Monday, Dec. 5
DALLAS — Add Ryan Ludwick to the list of free-agent outfielders who might intrigue the Giants.
The Giants were believed to have scheduled a meeting Monday with Ludwick’s agent, Dan Horwits. Ludwick earned $6.775 million last season but might be more affordable than that this winter, even on the open market.
A right-handed batter, Ludwick thrived in 2008-09, when he hit .283 with 59 home runs and 210 RBIs for St. Louis.
When the Cardinals sent him to San Diego at the 2010 Trade Deadline, Ludwick remained productive, as he was batting
.281 with 11 homers and 43 RBIs in 77 games at the time.
Since that deal, however, Ludwick has hit .229 with 19 homers and 101 RBIs in 198 games for San Diego and
Pittsburgh. He batted .237 with 13 homers and 75 RBIs overall last season. The 33-year-old’s on-base percentage has
dwindled each year since 2008, from .375 to .329 to .325 to .310. His slugging percentage also has declined
annually, from .591 in 2008 to .447 to .418 to .363.
Ludwick has performed adequately at AT&T Park, where he owns a .265 batting average (22-for-83) in 23 games. His total of five home runs in 83 at-bats by the bay indicates that, unlike many hitters, the ballpark’s dimensions don’t intimidate him.
Other free-agent outfielders to whom the Giants have been linked include Coco Crisp and Josh Willingham. They also
were thought to be interested in David DeJesus before the A’s traded him to the Cubs, and in Grady Sizemore before he re-signed with Cleveland.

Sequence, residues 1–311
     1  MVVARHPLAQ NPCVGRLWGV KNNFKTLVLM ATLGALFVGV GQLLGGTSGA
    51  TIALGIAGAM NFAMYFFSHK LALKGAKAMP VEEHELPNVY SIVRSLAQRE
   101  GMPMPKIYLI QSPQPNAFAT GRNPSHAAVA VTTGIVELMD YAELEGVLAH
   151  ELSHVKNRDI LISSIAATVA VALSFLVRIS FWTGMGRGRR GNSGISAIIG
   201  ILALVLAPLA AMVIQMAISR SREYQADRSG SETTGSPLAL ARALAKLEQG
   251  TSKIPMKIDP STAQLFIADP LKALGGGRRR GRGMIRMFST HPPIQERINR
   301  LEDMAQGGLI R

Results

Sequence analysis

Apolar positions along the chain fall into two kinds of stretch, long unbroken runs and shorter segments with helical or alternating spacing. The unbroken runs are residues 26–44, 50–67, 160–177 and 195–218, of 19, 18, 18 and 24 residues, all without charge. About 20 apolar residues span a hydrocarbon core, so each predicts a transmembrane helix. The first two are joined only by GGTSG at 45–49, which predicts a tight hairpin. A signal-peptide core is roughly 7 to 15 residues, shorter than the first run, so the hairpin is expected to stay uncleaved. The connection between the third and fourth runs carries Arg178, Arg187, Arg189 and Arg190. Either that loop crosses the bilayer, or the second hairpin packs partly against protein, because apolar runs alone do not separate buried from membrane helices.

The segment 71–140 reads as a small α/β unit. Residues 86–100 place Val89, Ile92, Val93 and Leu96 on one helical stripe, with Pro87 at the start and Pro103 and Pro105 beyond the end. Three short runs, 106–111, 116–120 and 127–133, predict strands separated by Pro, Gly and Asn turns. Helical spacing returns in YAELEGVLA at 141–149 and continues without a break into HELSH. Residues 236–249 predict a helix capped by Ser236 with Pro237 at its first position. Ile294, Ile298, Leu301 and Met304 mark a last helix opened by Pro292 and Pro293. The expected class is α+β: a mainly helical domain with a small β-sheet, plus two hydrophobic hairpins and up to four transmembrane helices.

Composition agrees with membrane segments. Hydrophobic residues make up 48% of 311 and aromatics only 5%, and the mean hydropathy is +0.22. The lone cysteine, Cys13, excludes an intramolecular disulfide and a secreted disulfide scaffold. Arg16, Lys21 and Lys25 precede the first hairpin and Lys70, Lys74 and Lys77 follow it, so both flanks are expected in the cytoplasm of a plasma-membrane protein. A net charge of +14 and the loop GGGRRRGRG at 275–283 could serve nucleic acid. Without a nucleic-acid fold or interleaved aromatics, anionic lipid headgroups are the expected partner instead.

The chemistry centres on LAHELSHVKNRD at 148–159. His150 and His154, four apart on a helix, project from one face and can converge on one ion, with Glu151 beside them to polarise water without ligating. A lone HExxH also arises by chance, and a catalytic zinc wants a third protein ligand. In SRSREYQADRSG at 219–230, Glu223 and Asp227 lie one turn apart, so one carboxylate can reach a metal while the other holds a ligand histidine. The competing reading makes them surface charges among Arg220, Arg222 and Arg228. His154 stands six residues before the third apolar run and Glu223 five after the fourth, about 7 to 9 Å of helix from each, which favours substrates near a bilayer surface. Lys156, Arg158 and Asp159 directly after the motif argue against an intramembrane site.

— Chris Haft
Wednesday, Nov. 16
SAN FRANCISCO — The Giants are well aware that they have something special in Tim Lincecum and Matt Cain, who are essentially co-aces of their pitching staff.
So reports that the Giants are trying to sign both right-handers to multiyear deals, thus buying them out of their first few years of free agency, make perfect sense.
Cain will earn $15 million next year in the final season of a three-year $27.25 million contract and would then become eligible for free agency. Lincecum, who can expect a huge increase through salary arbitration from the $14 million he earned last year, will vault into free agency after the 2013 campaign.
Unless the Giants lock him up first.
Jon Heyman of SI.com reported that the Giants are considering four-year deals for Cain and Lincecum. Most teams consider such longterm contracts risky. But Cain and Lincecum aren’t most pitchers. Both are 27, have combined to make six National League All-Star teams and have not endured a serious arm injury.
“We have to keep our pitching together,” Giants vice president of baseball operations Bobby Evans said this week at the General Managers Meetings. Retaining Cain and Lincecum through the first half of this decade would accomplish that.
— Chris Haft
Thursday, July 28
PHILADELPHIA — Brian Sabean said Thursday that he’s continuing to pursue more offensive help as Sunday’s Trade Deadline approaches, but the Giants general manager didn’t sound optimistic about making more deals.
Asked if the market for catchers and shortstops, two positions where the club could stand some strengthening at the plate, had gained any life in recent days, Sabean replied, “Not really.”